Researchers at the University of Colorado say there's a deeper solution to violence.

It could take years to take effect, but they say with some patience, it could be the best answer to preventing horrible events in the future.

The Center for the Study and Prevention of Violence started at CU in 1992. After the Columbine shooting in 1999, the center proposed a program called Safe-2-Tell. It's a service that allows students and teachers at Colorado schools to anonymously report suspicious activity to the Colorado Attorney General's office.

The center's director, Beverly Kingston, says that's one of the easiest ways people can help prevent acts of violence.

"If you have a bad feeling about [something], would you know who you would call and what you would do about it?" said Kingston. "All of us can do that...Everybody can be an active bystander...that's number one."

Safe-2-Tell has an app and a phone number you can call.

But it's not the only or even the center's main solution in preventing violence. Kingston and the center's researchers are studying ways school programs can focus on students' mental health.

"We really need to look at the root causes of these social issues," Kingston said. "The only way I think that we can truly prevent them is to have to prevent a lot of problem behavior."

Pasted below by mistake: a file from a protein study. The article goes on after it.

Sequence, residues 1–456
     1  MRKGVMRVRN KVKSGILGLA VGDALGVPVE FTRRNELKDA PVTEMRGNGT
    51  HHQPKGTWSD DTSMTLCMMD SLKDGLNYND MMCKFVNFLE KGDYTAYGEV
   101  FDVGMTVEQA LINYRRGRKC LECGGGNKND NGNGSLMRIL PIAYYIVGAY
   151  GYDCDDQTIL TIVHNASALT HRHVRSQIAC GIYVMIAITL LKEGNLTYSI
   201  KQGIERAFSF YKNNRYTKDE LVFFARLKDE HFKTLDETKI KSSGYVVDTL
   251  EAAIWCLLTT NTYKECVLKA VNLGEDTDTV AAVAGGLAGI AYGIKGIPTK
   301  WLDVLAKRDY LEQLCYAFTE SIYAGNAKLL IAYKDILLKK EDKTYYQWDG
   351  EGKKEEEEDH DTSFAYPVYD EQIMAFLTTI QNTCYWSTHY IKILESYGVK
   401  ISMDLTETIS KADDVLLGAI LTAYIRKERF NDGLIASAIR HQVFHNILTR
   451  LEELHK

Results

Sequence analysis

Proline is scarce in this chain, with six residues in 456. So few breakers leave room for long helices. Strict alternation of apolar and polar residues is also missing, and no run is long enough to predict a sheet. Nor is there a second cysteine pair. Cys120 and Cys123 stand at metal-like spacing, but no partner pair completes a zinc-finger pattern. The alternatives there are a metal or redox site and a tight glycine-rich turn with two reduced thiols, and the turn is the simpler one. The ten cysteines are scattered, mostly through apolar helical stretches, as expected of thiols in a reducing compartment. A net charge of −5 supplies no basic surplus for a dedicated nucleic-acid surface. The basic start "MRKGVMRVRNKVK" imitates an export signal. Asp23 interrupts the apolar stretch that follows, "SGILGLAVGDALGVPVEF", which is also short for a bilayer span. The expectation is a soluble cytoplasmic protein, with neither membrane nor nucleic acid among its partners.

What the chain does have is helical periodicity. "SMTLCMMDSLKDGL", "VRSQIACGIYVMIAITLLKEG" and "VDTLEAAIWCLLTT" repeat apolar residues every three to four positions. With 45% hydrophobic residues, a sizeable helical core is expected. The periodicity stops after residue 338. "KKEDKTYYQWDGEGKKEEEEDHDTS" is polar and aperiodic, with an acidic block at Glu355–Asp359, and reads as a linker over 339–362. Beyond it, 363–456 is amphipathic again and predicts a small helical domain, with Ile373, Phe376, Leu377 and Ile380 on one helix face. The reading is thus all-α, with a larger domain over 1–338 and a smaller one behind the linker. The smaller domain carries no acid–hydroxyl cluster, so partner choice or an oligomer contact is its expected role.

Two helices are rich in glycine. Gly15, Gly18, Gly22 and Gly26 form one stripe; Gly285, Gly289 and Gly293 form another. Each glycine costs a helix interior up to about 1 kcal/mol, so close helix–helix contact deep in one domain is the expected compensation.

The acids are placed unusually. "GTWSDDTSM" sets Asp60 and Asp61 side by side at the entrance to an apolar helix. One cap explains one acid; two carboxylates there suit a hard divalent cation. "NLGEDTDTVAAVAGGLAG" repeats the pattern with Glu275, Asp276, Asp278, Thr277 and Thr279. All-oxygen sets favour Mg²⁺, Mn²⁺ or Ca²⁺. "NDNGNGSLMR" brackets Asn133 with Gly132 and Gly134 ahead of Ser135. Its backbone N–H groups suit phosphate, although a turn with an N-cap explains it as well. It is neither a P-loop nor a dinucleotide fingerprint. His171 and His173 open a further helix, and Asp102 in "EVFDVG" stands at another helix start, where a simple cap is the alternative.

Kingston says supporting students early on when they're still developing, is crucial to determining problem behavior. She says talking to students and establishing a supportive community could decrease violence tremendously.

"There's a lot of hurting people in our society," Kingston said. "If you can get people the support that they need as early as possible it could prevent future violence."

The center works with 46 middle schools in the front range. It's done randomized control studies that Kingston says prove the programs work.

The issue is funding and patience. School programs can be costly, and the return on investment could take a while.

"When we talk about a community change, it's decades. It's not a one year solution," Kingston said. "It's going to be hard work to really flip the way the system works."

The Center for the Study and Prevention of Violence at CU is working to promote these programs to schools across Colorado. Kingston hopes it takes hold nationally.

"I believe one day we will really rally around these programs. We can be watching out for what's going on in our own communities and families," Kingston said. "We really do know what works. And we need to do a better job of getting that out there."

Kingston stressed that this kind of change does take time. In the short term, she encourages using Safe-2-Tell and making sure to say something if you see something.